Japan has described the Australian threat as "unfortunate" and rejected suggestions its current hunt is illegal.
Speaking to Al Jazeera on Tuesday Hidenobu Sobashima, a Japanese foreign ministry spokesman, said that Japan wants to resolve the dispute through diplomatic channels first.
|Japan has vowed to defend what it says is its right to continue whaling [Reuters]
"We regret that the Australian side has indicated the possibility of bringing the whaling issue to an international court, but both sides have agreed that we will first make an effort to reach a diplomatic solution," he said.
Reports say the IWC group's proposal follows nearly 18 months of closed-door talks aimed at ending a deadlock between pro- and anti-whaling nations.
Cristian Maquieira, the chairman of the IWC's support group, was quoted as saying that any final deal would "reduce catches significantly from current levels" and "establish caps of takes that are within sustainable levels for a 10-year period".
The current quota for hunting under a scientific whaling programme is set at 990 whales each year.
Only three nations – Japan, Norway and Iceland – hunt whales, all of whom argue that whaling is an important part of their culture.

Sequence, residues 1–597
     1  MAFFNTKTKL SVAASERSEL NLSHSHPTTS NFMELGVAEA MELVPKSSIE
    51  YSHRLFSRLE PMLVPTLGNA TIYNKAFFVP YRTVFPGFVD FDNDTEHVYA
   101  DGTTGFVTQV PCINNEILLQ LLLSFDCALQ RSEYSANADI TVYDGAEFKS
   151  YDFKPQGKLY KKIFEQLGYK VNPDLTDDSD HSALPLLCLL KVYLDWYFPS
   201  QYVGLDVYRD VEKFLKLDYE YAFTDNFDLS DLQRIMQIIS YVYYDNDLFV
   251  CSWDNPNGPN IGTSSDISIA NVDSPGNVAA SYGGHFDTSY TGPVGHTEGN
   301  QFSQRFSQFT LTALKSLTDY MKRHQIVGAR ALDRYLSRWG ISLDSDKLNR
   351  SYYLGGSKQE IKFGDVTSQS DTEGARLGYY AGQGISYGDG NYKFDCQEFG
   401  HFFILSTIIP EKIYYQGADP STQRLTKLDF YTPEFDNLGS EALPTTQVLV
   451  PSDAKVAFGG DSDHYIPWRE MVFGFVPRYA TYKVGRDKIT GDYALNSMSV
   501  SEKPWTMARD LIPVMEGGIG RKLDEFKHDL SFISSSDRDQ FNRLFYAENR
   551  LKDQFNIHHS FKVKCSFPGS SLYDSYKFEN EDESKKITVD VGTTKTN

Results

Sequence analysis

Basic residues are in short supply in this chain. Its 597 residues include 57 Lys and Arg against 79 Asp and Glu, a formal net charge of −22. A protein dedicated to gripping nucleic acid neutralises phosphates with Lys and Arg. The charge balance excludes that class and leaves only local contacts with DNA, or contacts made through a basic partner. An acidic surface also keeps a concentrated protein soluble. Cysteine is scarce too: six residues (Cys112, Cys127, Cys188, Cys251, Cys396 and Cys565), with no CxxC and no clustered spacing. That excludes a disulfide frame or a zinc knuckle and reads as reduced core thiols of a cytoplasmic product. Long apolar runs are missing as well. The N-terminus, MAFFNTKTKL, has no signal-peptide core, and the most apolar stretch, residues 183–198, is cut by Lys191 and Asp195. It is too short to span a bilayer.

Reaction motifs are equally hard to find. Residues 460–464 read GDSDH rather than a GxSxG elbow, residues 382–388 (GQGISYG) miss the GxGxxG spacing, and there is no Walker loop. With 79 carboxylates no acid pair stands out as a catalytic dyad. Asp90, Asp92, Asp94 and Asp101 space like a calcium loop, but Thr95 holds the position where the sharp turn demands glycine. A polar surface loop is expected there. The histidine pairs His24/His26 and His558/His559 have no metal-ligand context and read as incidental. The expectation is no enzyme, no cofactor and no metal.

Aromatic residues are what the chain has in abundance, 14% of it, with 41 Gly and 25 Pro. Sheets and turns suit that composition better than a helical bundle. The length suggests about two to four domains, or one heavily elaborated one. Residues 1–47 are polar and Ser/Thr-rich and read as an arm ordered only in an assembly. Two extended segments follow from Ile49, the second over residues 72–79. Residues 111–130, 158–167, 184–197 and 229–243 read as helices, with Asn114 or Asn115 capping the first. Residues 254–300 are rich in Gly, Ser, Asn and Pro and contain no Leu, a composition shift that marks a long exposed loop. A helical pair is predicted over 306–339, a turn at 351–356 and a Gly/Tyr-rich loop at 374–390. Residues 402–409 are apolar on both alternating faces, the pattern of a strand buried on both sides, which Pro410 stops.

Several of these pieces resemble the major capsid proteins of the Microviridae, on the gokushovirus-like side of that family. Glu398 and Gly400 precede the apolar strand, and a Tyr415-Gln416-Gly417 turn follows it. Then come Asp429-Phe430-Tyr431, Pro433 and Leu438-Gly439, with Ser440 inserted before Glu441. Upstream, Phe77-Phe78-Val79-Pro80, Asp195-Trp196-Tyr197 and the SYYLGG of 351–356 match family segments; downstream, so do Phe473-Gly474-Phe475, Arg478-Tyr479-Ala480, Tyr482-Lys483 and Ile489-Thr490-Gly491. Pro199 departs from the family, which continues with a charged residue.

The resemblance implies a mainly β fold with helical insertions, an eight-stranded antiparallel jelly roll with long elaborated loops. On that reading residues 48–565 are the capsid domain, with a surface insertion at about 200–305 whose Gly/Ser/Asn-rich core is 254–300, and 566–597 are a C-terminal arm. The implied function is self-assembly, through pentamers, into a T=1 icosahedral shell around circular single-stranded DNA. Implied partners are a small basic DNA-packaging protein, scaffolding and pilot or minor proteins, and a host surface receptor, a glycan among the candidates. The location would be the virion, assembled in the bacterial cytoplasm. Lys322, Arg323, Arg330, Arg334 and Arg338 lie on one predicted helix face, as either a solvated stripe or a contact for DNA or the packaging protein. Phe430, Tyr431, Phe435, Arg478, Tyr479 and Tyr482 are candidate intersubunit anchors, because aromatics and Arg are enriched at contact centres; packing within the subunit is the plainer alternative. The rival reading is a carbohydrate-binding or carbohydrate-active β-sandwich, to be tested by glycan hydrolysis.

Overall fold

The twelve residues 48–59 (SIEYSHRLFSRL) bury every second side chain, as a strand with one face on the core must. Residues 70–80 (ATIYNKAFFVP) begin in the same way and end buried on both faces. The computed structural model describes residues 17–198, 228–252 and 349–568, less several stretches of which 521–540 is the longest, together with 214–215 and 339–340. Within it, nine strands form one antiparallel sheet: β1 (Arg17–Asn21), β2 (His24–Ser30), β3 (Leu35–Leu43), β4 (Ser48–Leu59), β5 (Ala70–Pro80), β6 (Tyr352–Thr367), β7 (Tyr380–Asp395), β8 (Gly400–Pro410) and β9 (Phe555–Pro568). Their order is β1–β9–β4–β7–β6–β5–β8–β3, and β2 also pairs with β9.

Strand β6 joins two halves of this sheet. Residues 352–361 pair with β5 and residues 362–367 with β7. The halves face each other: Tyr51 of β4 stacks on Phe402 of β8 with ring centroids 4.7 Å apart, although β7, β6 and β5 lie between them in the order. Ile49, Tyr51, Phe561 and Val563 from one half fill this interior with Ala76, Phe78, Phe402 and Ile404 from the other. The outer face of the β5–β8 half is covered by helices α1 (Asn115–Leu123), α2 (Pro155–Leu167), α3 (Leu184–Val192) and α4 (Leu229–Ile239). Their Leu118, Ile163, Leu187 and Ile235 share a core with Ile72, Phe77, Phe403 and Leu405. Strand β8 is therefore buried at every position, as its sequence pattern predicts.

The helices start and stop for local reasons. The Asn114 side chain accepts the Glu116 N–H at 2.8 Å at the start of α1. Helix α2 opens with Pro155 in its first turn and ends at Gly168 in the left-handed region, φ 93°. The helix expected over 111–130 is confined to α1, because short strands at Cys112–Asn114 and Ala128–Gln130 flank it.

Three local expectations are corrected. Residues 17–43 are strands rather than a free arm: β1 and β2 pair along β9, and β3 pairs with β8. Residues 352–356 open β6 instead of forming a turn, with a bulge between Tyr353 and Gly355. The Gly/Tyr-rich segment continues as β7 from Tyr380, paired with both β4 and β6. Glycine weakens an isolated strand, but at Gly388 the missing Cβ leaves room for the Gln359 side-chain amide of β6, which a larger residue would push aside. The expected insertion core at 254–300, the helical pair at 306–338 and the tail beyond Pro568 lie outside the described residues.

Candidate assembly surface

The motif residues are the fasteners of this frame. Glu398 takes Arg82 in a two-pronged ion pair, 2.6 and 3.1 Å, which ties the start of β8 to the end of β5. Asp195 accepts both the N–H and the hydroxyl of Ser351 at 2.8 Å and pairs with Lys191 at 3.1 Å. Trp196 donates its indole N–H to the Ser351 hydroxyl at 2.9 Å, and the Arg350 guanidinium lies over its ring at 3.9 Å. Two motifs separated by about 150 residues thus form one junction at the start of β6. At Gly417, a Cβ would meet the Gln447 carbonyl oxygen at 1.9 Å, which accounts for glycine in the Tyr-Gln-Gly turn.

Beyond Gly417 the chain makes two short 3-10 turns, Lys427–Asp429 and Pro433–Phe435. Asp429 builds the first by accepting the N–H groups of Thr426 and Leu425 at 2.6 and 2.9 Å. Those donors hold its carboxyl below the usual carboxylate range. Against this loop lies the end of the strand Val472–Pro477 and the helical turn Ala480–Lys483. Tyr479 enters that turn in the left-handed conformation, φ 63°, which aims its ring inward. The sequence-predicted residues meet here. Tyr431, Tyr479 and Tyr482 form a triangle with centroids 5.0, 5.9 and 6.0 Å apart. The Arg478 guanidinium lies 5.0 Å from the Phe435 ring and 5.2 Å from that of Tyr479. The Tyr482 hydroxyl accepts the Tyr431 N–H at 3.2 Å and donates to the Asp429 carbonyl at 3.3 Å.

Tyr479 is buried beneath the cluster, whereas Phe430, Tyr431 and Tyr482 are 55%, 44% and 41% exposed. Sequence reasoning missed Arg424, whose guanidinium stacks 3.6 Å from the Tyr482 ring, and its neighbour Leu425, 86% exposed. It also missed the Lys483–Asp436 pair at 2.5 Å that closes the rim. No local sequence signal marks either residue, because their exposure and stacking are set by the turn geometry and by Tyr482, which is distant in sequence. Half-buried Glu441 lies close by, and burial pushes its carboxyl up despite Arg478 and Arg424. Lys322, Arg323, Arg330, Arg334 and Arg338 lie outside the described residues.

Under the proposal the three countries would also receive quotas set within sustainable levels for each hunted species.
The plan however has received a critical response from conservation groups, with Greenpeace describing the proposal as a "disaster" which it said would only make it more difficult to protect other rapidly declining species such as tuna and sharks.
"It is difficult to see how determining quotas through politics rather than science can be considered progress"
Rob Nicoll, WWF-Australia Antarctic and Southern Ocean Initiative manager
"The proposal rewards Japan for decades of reprehensible behaviour at the IWC and in the Southern Ocean Whale Sanctuary," John Frizell, the head of Greenpeace's whales campaign, was quoted as saying in The Australian newspaper.
The World Wildlife Fund (WWF) said the proposed whaling compromise set a dangerous precedent and could legitimise "scientific" whaling by Japan.
"What we need is to eliminate all whaling in the Southern Ocean, including Japanese commercial whaling thinly disguised as 'scientific research'," said Rob Nicoll, the manager of WWF-Australia's Antarctic and Southern Ocean Initiative.
"But what we have now is a deal which could make it even easier for Japan to continue taking whales in this ecologically unique place," he added.
"It is difficult to see how determining quotas through politics rather than science can be considered progress."